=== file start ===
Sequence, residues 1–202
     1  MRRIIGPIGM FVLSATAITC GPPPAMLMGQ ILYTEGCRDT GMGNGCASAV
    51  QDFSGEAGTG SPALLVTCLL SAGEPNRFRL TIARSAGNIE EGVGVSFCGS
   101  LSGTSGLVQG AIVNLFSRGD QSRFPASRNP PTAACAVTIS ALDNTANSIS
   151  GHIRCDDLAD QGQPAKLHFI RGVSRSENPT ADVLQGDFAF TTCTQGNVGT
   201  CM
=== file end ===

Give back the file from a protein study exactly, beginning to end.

Sequence, residues 1–202
     1  MRRIIGPIGM FVLSATAITC GPPPAMLMGQ ILYTEGCRDT GMGNGCASAV
    51  QDFSGEAGTG SPALLVTCLL SAGEPNRFRL TIARSAGNIE EGVGVSFCGS
   101  LSGTSGLVQG AIVNLFSRGD QSRFPASRNP PTAACAVTIS ALDNTANSIS
   151  GHIRCDDLAD QGQPAKLHFI RGVSRSENPT ADVLQGDFAF TTCTQGNVGT
   201  CM